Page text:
the lux plasmids developed by Gupta, creating a second set that constitutively expressed the luxC,
luxD, luxE, and frp genes while regulating expression of the remaining luxA and luxB genes through
insertion of human estrogen response elements (Figure 6). Upon exposure to estrogenic compounds,
yeast expressing these regulated lux genes would produce a bioluminescent signal in as quickly as 1 h.
This improved significantly over the colorimetric yeast estrogen screen, which could take as long
as five days to produce results under identical conditions. Within two years of this successful
demonstration of lux-based bioluminescent yeast as estrogen reporters, the same group had expanded
S
t
h
a
p
o
J
e
3
fu
t
h
b
i
s
t
h
t
h
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r
c
f
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t
r
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r
p
t
h
h
C
a
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m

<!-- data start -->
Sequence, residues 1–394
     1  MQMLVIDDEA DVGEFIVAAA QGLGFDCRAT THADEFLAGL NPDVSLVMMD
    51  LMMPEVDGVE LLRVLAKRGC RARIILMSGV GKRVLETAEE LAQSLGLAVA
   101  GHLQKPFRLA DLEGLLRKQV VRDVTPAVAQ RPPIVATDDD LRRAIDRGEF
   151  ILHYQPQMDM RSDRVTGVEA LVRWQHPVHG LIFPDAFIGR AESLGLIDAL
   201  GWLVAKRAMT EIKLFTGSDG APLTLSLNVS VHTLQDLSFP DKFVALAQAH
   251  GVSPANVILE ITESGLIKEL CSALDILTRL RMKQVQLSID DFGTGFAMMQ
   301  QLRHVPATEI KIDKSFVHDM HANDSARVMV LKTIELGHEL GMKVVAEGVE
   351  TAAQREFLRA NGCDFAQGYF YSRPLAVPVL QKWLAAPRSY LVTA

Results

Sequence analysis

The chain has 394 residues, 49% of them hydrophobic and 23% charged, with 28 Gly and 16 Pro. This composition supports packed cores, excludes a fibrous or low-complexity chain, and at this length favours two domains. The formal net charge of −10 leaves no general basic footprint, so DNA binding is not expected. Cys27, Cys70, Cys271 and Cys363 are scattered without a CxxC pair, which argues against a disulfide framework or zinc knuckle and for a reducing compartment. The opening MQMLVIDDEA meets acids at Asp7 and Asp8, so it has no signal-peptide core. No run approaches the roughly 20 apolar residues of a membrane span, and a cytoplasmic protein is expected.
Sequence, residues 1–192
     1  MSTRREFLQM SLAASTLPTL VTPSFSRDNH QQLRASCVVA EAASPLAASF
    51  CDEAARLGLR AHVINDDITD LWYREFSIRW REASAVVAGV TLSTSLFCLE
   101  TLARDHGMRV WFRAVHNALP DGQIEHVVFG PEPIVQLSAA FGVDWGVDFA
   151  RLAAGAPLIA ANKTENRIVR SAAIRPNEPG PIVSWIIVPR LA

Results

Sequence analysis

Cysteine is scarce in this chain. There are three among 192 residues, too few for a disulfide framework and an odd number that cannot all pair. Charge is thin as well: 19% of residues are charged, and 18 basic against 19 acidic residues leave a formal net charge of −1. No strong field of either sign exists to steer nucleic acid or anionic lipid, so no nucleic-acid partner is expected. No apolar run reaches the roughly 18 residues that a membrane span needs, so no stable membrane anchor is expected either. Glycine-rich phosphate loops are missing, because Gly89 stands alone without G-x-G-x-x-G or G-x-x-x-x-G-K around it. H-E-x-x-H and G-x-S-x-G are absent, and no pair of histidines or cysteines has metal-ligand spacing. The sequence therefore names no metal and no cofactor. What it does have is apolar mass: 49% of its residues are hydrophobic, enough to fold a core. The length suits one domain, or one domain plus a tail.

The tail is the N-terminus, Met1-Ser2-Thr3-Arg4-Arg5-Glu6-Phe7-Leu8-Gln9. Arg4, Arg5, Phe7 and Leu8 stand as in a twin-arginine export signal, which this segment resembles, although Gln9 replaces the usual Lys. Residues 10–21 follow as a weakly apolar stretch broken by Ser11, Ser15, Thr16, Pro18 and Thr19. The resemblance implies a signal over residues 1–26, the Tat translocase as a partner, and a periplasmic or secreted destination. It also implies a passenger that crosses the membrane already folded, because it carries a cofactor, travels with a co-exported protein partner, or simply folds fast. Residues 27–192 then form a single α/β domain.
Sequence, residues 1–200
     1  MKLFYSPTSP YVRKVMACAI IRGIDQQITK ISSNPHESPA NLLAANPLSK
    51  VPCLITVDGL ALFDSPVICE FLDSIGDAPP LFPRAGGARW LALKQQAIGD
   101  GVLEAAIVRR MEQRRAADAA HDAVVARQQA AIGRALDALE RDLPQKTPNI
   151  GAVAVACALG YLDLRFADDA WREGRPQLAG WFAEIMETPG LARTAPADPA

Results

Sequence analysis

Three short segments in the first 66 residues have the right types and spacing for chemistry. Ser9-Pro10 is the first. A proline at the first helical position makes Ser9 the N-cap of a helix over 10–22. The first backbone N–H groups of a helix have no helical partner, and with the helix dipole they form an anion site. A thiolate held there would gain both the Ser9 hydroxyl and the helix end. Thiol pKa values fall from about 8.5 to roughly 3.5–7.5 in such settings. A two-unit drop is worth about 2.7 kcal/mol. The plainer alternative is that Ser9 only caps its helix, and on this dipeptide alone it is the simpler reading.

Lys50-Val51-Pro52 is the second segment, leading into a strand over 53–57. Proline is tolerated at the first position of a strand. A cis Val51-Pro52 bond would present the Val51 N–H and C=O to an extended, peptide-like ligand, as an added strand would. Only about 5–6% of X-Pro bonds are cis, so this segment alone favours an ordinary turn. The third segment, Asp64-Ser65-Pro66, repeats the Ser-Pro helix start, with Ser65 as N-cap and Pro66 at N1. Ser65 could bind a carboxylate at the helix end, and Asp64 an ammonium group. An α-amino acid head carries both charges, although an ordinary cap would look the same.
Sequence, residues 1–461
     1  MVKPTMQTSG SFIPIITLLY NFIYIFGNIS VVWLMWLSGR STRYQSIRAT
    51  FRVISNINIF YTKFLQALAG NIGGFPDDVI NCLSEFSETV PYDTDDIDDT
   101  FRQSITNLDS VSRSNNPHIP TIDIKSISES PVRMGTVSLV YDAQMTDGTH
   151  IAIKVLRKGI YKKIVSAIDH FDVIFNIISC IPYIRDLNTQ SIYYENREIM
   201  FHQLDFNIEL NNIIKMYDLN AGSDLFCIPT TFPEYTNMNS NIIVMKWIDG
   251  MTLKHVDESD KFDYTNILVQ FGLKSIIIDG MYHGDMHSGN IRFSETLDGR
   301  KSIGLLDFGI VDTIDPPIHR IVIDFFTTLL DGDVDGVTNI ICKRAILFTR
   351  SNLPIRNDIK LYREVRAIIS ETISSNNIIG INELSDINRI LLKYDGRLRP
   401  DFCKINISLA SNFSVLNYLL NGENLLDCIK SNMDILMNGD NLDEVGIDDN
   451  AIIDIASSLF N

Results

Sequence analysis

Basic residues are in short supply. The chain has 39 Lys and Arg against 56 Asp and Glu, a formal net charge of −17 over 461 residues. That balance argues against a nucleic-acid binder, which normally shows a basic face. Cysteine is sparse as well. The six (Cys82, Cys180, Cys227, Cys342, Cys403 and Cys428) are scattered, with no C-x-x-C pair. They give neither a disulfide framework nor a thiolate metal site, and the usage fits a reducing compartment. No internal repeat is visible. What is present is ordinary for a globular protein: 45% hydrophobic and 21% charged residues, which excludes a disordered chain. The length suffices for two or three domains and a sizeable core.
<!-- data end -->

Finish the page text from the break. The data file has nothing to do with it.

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n
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ensors 201
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e functio
n
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o
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r
Continui
n
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rther refi
n
h
e lux sys
t
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iolumines
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s
capable
o
h
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h